In S Durga, we do not actually see the men physically molesting Durga, but the film is designed to fill us with a sense of foreboding on her behalf – an unsettling feeling that rears its head the second we see her standing alone at night on that desolate street, a feeling women know all too well.
Parallel to Durga and Kabeer’s journey, a religious procession unfolds in the film. Even before we meet these two, we are shown a tableau bearing a statue of a demon-slaying avatar of Goddess Shakti. Around her, a procession of live men offer up their bodies for torture. They pierce spears through their mouths and dangle from hooks passed through their skin.
These religious devotees are relayed to us unrelentingly, in documentary style, for almost 10 minutes at the start of S Durga. It is as difficult to watch them as it is to see the men in the van doing a dance of intimidation around Durga and Kabeer.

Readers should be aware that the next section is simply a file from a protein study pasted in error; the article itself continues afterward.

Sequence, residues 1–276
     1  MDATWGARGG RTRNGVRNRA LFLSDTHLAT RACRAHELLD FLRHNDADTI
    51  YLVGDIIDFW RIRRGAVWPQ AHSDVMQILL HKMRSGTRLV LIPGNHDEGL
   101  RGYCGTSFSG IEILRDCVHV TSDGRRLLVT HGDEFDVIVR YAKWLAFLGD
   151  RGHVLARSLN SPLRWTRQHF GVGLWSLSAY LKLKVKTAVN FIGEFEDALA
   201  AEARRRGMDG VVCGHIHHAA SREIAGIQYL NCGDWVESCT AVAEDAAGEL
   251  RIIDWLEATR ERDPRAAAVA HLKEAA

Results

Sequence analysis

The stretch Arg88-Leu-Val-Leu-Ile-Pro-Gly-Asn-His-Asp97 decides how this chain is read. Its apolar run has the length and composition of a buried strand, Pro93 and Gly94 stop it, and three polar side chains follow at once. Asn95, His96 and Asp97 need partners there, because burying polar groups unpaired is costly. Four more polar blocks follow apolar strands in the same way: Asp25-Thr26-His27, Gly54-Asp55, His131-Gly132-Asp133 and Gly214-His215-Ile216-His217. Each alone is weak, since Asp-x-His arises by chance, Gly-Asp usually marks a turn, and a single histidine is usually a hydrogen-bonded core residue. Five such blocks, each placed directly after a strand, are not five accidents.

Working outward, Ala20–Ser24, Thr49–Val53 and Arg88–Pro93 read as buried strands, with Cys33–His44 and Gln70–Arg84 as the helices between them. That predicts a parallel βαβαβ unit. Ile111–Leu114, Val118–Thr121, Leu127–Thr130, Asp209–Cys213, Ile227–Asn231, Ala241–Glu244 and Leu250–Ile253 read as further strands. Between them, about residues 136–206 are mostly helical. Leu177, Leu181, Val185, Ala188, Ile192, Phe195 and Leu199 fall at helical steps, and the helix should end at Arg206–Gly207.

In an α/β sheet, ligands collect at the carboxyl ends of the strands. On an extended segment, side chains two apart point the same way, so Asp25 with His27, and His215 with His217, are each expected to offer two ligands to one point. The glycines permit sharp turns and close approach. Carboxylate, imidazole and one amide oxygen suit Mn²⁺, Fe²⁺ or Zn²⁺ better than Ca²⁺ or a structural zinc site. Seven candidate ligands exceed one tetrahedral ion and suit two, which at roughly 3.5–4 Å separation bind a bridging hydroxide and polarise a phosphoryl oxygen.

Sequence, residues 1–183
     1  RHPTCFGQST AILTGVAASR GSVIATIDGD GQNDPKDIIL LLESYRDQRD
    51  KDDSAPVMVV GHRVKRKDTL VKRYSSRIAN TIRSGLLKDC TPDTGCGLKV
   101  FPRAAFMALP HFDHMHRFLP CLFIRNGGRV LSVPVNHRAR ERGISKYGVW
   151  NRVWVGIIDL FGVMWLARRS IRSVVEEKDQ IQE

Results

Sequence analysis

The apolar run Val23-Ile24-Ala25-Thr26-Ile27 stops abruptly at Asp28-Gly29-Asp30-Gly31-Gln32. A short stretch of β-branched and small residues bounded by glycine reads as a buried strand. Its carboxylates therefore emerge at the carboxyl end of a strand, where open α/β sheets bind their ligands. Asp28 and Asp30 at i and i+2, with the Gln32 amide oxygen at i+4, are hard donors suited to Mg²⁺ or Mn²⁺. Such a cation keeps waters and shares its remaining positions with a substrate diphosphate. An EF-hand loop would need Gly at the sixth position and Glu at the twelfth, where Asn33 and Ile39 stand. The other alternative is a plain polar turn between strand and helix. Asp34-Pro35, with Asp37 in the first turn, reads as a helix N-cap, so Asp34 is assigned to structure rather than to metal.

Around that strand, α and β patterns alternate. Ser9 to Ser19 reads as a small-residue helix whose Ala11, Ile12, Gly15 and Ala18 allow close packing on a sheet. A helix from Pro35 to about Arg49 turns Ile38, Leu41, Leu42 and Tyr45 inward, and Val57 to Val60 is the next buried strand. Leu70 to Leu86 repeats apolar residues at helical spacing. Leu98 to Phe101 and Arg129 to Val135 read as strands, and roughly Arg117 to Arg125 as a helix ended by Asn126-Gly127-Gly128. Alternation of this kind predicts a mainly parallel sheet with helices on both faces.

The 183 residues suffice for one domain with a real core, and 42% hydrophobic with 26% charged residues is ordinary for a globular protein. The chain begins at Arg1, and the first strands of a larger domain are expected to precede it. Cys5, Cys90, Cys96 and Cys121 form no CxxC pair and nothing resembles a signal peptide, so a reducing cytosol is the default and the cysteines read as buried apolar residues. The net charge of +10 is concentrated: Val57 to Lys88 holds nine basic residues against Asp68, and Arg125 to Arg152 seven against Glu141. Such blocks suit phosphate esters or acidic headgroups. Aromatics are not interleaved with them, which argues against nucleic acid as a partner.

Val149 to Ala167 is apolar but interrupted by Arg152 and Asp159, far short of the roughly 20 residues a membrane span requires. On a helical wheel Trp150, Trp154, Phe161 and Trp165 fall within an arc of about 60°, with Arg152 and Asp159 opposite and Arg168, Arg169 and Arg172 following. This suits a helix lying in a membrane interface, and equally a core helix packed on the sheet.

The divine Shakti is known in her multiple manifestations as Durga, Kali, Bhadrakali, Parvathi and more. Even as the pageant in the film kicks off, a male worshipper briefly harasses a woman bystander. His action is so fleeting and seemingly jestful, that you will miss it if you blink an eye. It is one of many telling moments in this multi-layered film.
S Durga’s overt messaging is about the hypocrisy of men who will pay tribute to a mythical female being even as they suppress and assault her mortal equivalents. For all her legendary ferocity, Durga in that parade and in houses of worship is but a statue that does not inconvenience earthly males in the way assertive, rights-conscious, articulate earthly females do.
Sasidharan’s is an all-encompassing feminism that alerts us to the perils of patriarchy for uncooperative men, and recognises this system as a sub-set of all marginalisation. A solitary Durga would have drawn attention because it is deemed unacceptable for her to be on her own, but here in S Durga she is judged for being with a man, she is also judged for her background and his religious identity.
Her name is Hindu. Her speech suggests that she is a north Indian, which in south India immediately attracts another form of othering. His name implies that he is Muslim, which brings up another volley of prejudice. No one says the ugly words “love jihad” but it hangs thick in the air.
(Possible spoilers ahead)